These are all things that the builders may already have in place, but many will offer to swap out certain amenities and features via upgrades before the home purchase is final. Owners are often taken off guard by just how much more efficient a new home is versus an older one, so it's worth considering.
New Home Buyers Are the First to Live in Their Homes
Many potential homeowners like the idea of being the first to reside in a home and having it constructed in accordance with their personal preferences. Homeowners have a clean slate when it comes to landscaping and can choose nursery plants and an overall design to realize their preferences and aesthetic tastes. Another benefit of living in a new construction community is that cities tend to grow outward over time, so new subdivisions are generally outside of the busiest part of a metropolitan area. This often makes for a more relaxing environment to enjoy downtime.
Potential Issues with New Home Construction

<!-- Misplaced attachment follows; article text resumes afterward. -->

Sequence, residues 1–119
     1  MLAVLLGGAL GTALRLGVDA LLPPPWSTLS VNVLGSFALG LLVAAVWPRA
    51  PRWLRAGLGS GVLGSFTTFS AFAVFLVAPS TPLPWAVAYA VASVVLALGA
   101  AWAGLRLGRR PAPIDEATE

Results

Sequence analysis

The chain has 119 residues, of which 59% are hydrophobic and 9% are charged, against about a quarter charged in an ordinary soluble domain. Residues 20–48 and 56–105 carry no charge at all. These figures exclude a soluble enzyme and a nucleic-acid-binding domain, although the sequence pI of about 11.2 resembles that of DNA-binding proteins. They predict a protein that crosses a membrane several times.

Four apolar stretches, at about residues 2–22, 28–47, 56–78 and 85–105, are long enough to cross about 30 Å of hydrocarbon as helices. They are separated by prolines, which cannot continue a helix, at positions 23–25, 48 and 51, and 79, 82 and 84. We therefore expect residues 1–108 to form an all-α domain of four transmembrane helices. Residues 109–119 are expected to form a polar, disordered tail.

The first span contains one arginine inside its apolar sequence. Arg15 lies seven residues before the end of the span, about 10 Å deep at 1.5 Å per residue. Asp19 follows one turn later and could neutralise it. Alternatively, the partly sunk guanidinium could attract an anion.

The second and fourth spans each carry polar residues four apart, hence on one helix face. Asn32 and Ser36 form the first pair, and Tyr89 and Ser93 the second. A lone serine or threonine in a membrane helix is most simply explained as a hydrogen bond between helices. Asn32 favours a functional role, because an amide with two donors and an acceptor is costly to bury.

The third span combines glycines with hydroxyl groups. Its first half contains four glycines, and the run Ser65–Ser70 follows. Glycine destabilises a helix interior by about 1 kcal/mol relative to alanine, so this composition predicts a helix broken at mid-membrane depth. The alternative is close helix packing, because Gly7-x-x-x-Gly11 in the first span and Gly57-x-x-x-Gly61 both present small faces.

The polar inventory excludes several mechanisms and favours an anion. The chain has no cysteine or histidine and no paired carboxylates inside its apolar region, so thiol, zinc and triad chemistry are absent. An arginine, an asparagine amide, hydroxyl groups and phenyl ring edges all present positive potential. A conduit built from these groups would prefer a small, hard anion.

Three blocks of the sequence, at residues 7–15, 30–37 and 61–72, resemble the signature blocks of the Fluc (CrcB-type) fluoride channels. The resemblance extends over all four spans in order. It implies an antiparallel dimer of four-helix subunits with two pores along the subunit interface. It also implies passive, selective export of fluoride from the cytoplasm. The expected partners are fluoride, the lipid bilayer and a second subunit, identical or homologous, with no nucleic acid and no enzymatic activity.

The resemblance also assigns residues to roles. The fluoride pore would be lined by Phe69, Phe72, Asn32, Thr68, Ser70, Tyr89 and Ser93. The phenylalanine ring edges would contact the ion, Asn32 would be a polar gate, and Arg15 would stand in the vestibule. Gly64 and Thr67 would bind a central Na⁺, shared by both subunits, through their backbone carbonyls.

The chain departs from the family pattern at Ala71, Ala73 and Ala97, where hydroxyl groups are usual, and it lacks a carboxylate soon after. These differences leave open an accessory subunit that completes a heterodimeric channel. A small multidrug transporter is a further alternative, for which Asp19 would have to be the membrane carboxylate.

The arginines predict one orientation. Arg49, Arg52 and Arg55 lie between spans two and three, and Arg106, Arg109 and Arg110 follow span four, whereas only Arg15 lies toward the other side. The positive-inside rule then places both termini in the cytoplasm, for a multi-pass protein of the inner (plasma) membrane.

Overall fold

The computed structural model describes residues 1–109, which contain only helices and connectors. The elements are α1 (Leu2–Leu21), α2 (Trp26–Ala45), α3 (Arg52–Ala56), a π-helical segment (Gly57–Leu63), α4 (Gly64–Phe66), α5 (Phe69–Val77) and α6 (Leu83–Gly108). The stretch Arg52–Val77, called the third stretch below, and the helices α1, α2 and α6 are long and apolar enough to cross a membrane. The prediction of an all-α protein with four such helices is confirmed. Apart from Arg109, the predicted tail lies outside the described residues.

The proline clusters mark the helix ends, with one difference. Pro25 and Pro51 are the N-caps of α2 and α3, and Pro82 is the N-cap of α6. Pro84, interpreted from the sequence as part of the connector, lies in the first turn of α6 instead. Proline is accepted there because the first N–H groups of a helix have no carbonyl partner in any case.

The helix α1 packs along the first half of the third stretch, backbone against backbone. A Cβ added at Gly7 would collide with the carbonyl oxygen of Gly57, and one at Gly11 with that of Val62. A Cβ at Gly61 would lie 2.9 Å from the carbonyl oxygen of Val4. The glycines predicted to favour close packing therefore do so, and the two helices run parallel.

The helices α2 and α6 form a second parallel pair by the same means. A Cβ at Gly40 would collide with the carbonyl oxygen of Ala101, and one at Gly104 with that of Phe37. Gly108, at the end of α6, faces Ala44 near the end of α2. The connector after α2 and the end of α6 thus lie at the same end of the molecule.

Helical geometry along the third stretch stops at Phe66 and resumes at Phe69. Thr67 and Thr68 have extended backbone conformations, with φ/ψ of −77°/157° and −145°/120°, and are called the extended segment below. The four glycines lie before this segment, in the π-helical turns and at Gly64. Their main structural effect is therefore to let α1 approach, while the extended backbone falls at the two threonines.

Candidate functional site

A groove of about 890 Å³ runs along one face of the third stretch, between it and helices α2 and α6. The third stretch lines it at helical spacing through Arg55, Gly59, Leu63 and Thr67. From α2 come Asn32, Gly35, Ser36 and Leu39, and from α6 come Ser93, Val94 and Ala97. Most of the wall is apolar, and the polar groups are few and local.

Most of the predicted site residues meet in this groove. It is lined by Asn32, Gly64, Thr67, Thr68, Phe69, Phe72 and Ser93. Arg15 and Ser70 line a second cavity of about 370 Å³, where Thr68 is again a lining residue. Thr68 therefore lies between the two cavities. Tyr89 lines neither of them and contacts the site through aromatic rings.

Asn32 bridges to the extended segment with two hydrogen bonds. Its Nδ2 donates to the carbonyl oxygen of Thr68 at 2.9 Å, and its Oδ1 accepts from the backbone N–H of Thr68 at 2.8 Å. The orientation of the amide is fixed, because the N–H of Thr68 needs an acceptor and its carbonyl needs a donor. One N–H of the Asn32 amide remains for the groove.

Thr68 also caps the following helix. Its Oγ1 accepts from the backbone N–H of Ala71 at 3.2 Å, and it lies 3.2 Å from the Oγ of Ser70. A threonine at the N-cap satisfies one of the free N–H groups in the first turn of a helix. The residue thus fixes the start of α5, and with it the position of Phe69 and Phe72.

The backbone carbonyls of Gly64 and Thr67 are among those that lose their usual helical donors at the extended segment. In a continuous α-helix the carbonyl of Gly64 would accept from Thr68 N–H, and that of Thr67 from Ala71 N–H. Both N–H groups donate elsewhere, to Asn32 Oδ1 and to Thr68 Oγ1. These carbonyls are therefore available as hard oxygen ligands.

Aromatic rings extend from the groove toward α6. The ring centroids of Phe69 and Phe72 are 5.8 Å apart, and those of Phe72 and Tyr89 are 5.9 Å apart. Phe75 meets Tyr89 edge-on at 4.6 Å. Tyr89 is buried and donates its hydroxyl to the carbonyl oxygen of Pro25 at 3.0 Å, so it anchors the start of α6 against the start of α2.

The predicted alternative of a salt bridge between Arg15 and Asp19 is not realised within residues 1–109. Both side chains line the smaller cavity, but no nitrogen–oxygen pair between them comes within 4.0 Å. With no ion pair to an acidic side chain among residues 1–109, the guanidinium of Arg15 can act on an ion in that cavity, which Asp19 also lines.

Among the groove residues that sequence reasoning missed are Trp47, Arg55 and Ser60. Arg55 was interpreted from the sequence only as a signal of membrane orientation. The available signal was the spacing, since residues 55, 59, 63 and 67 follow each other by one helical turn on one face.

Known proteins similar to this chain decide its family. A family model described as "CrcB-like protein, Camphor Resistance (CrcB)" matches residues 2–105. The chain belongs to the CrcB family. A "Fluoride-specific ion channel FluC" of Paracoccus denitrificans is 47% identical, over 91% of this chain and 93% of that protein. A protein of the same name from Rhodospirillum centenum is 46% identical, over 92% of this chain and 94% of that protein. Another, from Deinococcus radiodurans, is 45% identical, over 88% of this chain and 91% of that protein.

While new construction comes with many upsides, there are a few potential impediments when buying a brand new home that buyers should be aware of.
A new home can cost up to 20% more (or even higher) than an existing home similar in size. Unlike existing homes, where buyers might have some wiggle room on pricing, newly built homes tend to draw a premium on the market. Builders don't tend to feel as pressured to sell quickly, so they are less inclined to offer buyers incentives and discounts. That isn't to say it doesn't happen. The best time of the year to grab a deal is often during the holidays and at the end of a quarter. National builders are often motivated to move inventory and buyers may get design center incentives or receive a reduction on closing costs. Keep an eye out for new homes on the market for over 45 days.
Also, consider that when it comes to the cost of the home itself, buyers may find that some dream home designs may be more affordable with a new build than with a retrofit of an existing home.
Today, homes are often built on smaller lots as land prices rise and space becomes scarce. Even within luxury communities, large homes tend to have smaller yards. Those wanting a big, spacious outdoor zone may have to sacrifice a good bit of their interior square footage or build higher to preserve yard space. It could be possible that an older home on a large lot will best meet these buyers' needs and lifestyles.
From material shortages to delays in construction due to weather, unforeseen circumstances can put the build behind weeks or months. Be prepared for such situations with a backup plan for a place to stay meanwhile. Essentially, prepare for the unexpected when having a new home built.